KARACHI: In a bid to avert any shortage of ghee/cooking oil in Ramazan, the Ministry of Industries (MoI) and the State Bank of Pakistan (SBP) on Monday agreed to remove bottlenecks for speedy clearance of 385,000 tonnes of palm oil stuck at customs bonded warehouses due to non-retiring of documents.
Edible oil industry sources claimed that an understanding has been reached between the SBP and MoI during a Zoom meeting for the opening of new letters of credit (LCs) by the banks to keep the edible oil industry running and ensure stability in prices.
Pakistan Vanaspati Manufacturers Association (PVMA) claimed that banks were not retiring the documents and opening LCs. As a result, prices of palm oil crawled up to Rs14,000 per maund from Rs13,000 last week while mills are also running out of palm oil stocks.
The palm oil shipments take at least 45-60 days to reach Karachi Port while Ramazan is starting in the third week of March when demand for ghee/cooking oil peaks. The industry needs to open LCs for future imports to meet the rising demand.
Earlier the MoI had sought documentary proof from the PVMA that commercial banks are turning down the requests for retiring documents and opening LCs despite State Bank’s Dec 27, 2022 decision to prioritise edible oil imports.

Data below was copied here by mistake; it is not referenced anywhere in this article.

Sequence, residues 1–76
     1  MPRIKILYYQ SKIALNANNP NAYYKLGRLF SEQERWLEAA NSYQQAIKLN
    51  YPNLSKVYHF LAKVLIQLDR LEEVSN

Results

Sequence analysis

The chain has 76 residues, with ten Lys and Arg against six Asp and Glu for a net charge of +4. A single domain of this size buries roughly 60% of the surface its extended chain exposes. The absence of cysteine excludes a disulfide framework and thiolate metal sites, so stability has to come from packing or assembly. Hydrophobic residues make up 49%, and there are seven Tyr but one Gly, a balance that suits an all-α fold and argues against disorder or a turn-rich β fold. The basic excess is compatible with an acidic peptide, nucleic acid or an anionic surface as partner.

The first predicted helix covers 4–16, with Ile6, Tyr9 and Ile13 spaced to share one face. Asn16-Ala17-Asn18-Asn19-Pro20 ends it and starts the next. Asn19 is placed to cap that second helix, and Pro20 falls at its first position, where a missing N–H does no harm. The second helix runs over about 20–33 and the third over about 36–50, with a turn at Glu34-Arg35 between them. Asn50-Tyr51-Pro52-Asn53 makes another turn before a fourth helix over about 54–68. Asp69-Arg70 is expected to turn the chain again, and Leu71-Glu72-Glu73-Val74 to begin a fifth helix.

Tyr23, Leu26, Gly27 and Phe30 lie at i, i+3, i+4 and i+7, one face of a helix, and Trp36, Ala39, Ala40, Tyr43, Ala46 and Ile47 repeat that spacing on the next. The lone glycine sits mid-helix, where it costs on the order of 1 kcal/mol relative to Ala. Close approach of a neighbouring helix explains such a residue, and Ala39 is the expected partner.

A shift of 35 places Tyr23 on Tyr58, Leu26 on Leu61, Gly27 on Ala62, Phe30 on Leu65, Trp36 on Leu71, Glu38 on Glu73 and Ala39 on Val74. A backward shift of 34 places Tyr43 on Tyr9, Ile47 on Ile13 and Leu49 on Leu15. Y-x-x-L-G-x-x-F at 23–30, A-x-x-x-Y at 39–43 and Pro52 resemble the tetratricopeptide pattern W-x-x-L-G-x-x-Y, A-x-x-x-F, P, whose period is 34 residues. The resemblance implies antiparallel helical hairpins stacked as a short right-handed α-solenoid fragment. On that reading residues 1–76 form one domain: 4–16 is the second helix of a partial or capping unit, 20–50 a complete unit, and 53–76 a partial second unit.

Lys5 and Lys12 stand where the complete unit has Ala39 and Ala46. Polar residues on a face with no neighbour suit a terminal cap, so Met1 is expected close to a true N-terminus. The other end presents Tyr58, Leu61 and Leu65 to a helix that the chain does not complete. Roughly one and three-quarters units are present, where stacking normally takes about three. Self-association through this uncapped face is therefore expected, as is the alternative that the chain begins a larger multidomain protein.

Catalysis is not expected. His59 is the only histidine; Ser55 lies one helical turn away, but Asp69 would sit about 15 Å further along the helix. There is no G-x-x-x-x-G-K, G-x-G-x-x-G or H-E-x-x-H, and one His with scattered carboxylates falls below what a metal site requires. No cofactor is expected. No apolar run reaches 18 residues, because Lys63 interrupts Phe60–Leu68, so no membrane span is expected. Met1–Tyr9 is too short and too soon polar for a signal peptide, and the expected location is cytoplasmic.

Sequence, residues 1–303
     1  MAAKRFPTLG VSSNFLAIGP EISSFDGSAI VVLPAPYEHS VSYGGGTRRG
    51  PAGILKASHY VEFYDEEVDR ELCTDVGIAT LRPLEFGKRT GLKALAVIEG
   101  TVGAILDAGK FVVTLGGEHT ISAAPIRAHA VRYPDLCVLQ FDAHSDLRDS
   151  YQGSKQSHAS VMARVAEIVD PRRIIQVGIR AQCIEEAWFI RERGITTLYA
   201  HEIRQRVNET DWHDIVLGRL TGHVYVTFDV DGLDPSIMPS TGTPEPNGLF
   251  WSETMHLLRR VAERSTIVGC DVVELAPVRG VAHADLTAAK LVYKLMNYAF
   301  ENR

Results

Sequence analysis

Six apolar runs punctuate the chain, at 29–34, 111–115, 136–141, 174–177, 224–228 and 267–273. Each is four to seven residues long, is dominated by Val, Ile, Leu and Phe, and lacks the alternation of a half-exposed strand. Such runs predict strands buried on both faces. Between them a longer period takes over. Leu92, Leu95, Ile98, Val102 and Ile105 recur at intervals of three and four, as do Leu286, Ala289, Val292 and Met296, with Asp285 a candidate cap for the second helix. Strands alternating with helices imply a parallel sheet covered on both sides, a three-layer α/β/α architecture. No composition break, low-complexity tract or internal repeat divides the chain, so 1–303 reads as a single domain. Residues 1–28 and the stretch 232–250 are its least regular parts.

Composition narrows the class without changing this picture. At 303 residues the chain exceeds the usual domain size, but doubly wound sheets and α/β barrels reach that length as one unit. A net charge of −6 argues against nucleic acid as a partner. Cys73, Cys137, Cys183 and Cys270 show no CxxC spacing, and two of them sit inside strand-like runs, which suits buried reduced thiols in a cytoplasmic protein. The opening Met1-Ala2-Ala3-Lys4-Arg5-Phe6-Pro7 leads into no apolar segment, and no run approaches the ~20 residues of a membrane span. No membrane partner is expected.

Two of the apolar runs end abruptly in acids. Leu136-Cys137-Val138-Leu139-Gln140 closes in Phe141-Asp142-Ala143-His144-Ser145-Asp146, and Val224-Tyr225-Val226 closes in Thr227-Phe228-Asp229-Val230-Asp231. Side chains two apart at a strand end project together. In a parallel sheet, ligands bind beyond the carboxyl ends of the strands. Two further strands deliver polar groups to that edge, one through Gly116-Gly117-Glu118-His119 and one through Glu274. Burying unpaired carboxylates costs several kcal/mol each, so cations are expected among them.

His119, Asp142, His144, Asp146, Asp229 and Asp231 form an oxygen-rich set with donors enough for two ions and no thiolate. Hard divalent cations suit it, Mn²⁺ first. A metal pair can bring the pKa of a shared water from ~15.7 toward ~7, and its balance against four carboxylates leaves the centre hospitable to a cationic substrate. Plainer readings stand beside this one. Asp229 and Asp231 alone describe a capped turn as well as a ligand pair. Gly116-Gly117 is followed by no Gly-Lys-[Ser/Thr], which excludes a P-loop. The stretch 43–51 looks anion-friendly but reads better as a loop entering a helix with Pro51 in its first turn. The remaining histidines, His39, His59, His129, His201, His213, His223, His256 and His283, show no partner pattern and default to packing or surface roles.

The ministry had also sought company-wise details of LCs from the PVMA which were not opened or retired by the banks besides elaborating banks’ names to the ministry.
Besides giving details of stuck-up palm oil shipments, PVMA also provided details of 11 vessels carrying 175,000 tonnes of palm oil at the port’s outer anchorage.
Korangi Association of Trade and Industry (KATI) President Faraz-ur-Rehman expressed concerns over the containers being stuck at the ports despite the permission of the SBP to release the containers of Chapters 84, 85 and 87 goods from Jan 2.
He said an immediate solution to the problem should be found because if a businessman is fined $15,000 as against the worth of $10,000 per container then the business would destroy and lead to an inflationary trend in commodity prices.
Meanwhile, Salt Manufacturers Association of Pakistan (SMAP) chairman Ismail Suttur said the industry was running out of its key ingredient to process iodized salt as the imported cargo of potassium iodate is being held at Karachi port for the past 15 days incurring heavy demurrage daily.
Household consumption of Iodized salt in Pakistan is over 70pc. Masses would be deprived of the basic nutrient if the country goes dry on iodized salt, he added.